• 1895 – Inmates from the Asylum are transferred to Ward’s Island, and patients from the hospital there are transferred to Blackwell’s Island. The Asylum is renamed Metropolitan Hospital.
  • 1909 – The Queensboro Bridge, which passes over the island but does not provide direct vehicular access to it, opens.
  • 1921 – Blackwell’s Island is renamed Welfare Island
  • 1935 – The penitentiary on Riker’s Island opens, and the last convicts on Welfare Island are transferred there.

– photo by Mitch Waxman

One common remark, whether it be from Charles Dickens or Nellie Bly or the host of sensationalist writers who described the island of asylums and orphanages in the late 19th and early 20th centuries, commented on the chorus of sobbing and madness which arose from the populations of lunatics and (what we would describe in modernity as developmentally disabled) retarded children imprisoned there. The fate of such unfortunates in early modern times was not a happy one, and analogies to both the German writer Kafka and the English asylum known as Bedlam are appropriate.

Of course, just as it is today, having such an institutional neighbor enriches the local economy. A mental hospital needs workers, and employs a vast supply chain to bring the necessities of life. Everything from vegetables to gurneys must be brought in, maintenance of boilers and the machinery of such places must be performed, and a vast staff of quasi medical workers are required. In many towns and cities across modern America, the local prison has replaced the industrial mill as the principal employer, and the prison industry is one of the fastest growing sectors of the United States economy.

from pbs.org

Corporations are running many Americans prisons, but will they put profits before prisoners?

A grim new statistic: One in every hundred Americans is now locked behind bars. As the prison population grows faster than the government can build prisons, private companies see an opportunity for profit.

This week, NOW on PBS investigates the government’s trend to outsource prisons and prisoners to the private sector. Critics accuse private prisons of standing in the way of sentencing reform and sacrificing public safety to maximize profits.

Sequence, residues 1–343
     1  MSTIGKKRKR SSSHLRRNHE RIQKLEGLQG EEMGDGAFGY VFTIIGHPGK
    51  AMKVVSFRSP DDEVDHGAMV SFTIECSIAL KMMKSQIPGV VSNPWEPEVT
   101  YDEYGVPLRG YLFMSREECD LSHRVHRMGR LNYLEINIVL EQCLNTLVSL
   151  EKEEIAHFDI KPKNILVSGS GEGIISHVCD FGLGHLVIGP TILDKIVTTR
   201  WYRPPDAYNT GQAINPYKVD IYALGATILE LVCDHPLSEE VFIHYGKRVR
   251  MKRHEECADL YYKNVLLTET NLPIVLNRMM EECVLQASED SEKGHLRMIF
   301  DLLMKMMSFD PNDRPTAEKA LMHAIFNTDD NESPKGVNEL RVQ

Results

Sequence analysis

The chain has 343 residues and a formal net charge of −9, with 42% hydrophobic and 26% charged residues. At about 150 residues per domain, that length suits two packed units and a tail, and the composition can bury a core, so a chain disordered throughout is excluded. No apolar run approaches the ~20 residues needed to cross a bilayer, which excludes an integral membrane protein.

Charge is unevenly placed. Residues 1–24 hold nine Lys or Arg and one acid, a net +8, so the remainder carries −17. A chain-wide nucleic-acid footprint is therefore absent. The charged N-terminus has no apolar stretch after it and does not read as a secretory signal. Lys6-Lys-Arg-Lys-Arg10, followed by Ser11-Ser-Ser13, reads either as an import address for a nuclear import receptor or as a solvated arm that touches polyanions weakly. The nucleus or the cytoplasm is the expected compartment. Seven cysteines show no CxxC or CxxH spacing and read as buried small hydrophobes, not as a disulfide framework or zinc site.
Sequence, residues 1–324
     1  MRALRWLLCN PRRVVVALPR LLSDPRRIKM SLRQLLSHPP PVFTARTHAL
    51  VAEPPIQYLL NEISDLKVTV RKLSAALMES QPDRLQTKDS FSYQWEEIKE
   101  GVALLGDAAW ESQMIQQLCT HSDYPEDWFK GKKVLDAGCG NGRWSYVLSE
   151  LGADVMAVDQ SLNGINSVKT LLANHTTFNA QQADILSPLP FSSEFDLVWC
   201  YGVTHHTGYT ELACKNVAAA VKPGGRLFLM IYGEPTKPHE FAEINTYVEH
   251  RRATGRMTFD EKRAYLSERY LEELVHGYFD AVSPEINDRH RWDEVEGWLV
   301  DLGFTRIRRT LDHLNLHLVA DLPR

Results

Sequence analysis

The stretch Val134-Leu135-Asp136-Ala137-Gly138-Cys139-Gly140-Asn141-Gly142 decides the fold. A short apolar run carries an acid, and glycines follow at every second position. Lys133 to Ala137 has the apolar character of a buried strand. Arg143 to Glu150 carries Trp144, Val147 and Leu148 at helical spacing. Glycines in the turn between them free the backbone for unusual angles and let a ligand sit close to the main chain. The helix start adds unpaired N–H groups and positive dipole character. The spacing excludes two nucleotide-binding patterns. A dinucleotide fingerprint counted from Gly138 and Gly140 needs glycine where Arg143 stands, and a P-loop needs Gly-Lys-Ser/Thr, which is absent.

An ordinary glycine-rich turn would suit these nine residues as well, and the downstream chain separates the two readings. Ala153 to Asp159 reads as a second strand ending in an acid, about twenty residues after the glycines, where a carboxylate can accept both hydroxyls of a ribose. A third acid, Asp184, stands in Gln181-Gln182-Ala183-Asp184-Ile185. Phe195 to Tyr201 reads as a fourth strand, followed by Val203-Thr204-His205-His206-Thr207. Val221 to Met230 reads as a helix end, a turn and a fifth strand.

“The notion that a corporation making a profit off this practice is more important to us than public safety or the human rights of prisoners is outrageous,” Judy Greene, a criminal policy analyst, tells NOW on PBS.


– photo by Mitch Waxman

That nameless thing which has never drawn a breath, whose queer intelligence lurks within the spire of the sapphire megalith and gazes hungrily down upon the world of men, encourages and makes such a prison economy viable. It will ensure that new laws and restrictions are put in place by an army of loyal acolytes that suck at it’s poison teats, and its many servants in the media conglomerates continue to propagate a general aura of fear and loathing of “the other” suggesting the presence of a predatory element amongst the populace which makes the existence of such institutions seem not just necessary but prudent. More importantly, this prison industry is extremely profitable, and above all else that thing in the megalith encourages profit.

In the early 21st century, prison technologies now adorn private homes of substance and taste, and Orwell’s Big Brother need not surveil the streets for the private citizenry has already installed video security systems and razor wire which accomplish the goal for it. The gaol needs no walls, for terror has made us all inmates.

from wikipedia

In 1984, there is a perpetual war between Oceania, Eurasia and Eastasia, the super-states which emerged from the atomic global war. “The book”, The Theory and Practice of Oligarchic Collectivism by Emmanuel Goldstein, explains that each state is so strong it cannot be defeated, even with the combined forces of two super-states—despite changing alliances. To hide such contradictions, history is re-written to explain that the (new) alliance always was so; the populaces accustomed to doublethink accept it. The war is not fought in Oceanian, Eurasian or Eastasian territory but in the arctic wastes and a disputed zone comprising the sea and land from Tangiers (northern Africa) to Darwin (Australia). At the start, Oceania and Eastasia are allies combatting Eurasia in northern Africa.